Saturday, April 27, 2019

Bad mother

[This photo has nothing to do with the blog post title]
The last time my book club met, we were reading Olive Kitteridge. It seems we were divided down the middle in our reviews, some readers raved, some panned. I was one of the panners. Ravers praised the complex character of Olive, the development of character, the exposure of how awfully she treated her son Christopher. But also how the author led them from dislike to understanding, maybe even respect.

The book annoyed me so much (one chapter in particular) that I had to go take a bath to cool off. Then I read that it had been turned into a mini-series starring Frances McDormand, so I went looking for that and ended up watching the whole series (4 hours) before our meeting. This is one time I thought the TV version was better than the book. In my view the author took a bunch of characteristics and smushed them into one character and called it "complex". Olive did not make sense to me. McDormand's interpretation of Olive seemed to be that she was somewhat autistic, and I could make sense of that. But I disliked the son intensely for being so judgmental. At one point he referred to his second wife's son by another man as a "piece of crap", and I thought: "takes one to know one".

In my book club one reader referred to Olive having abused her son so it was no wonder he was so screwed up. Each chapter is a kind of vignette, only a couple take place during Christopher's boyhood, and I didn't really see consistent evidence of abuse. While Olive admits to having hit Christopher as a boy I don't see that as evidence of abuse. For sure she was not anyone's ideal mother, but she loved her son and took care of him as best she could. A couple of times in the book someone says that it is always the mother who gets blamed for childhood problems, and I agree with that. Very rarely do we accuse fathers of abuse or neglect unless it is quite horrific. Mothers just have to be less than perfect to be up for judgment.

There were a few anecdotes of horrible behaviour on the part of our parents and I said, Yeah, my siblings and I tell those stories and laugh about them. One person who is a family therapist decried Olive's narcissism for refusing to hear her son out when he criticized her for being a bad mother, another member related how when her teenage daughter accused her of being a rotten mother (for not letting her do something or other) she retorted that yes she was an awful mother, now go to your room. I said that if my son did that I'd react the same way Olive did; after pouring one's heart and soul into raising a kid one is not keen to hear that the kid didn't appreciate it one little bit. The therapist thought the correct response was to be open to criticism and to apologize for the hurt caused.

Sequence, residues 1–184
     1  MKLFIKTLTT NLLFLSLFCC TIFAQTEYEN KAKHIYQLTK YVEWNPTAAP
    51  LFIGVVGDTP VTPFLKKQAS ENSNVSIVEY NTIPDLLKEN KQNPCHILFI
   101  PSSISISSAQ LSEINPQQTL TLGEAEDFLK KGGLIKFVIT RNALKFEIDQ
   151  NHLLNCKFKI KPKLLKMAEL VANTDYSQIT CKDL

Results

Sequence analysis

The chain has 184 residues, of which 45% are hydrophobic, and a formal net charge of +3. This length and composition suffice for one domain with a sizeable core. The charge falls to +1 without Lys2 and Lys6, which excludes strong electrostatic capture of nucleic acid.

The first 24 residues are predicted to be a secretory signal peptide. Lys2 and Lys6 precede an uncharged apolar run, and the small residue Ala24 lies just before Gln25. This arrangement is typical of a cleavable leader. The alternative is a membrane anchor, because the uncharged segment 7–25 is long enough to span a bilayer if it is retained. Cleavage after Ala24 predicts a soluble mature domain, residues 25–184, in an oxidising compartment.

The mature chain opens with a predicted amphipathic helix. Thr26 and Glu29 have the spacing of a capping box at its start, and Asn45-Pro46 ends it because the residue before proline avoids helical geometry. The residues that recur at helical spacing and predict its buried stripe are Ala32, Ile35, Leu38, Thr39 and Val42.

Interestingly, one new member said that what struck him was the difference between how kids are treated in North America and in Europe; he described how kids are allowed to go everywhere and do almost anything with little restriction or apparent harm. It surprised him how repressive American parents are. Perhaps if parents felt free to loosen the reins a bit they'd be less inclined to oppress their kids. But gods help you if you aren't actively "parenting" every second of your life. Bad mother indeed!

I was a less (much less) than perfect mother, so perhaps I am overly sensitive on the issue. I think I come from a long line of less-than-perfect parents and there was a time when I was pretty judgmental about my own parents' mistakes and faults. Eventually I figured it out and moved on. But it bothers me when I see other people engaging in that, I feel like swatting them upside of the head for stupidity. As my father used to say, "Quit yer bellyaching!"

But I guess that qualifies as abuse too.

1 comment:

Rain Trueax said...

I used to go to church on Mother's Day and leave ready to cry. I remember one year leaving the house afterward and walking back to sit along the creek and sob because the pastor had laid into how the home was perfected by the mother and it was all her doing. I knew I wassn't ever perfect. I still don't like Mother's Day ;)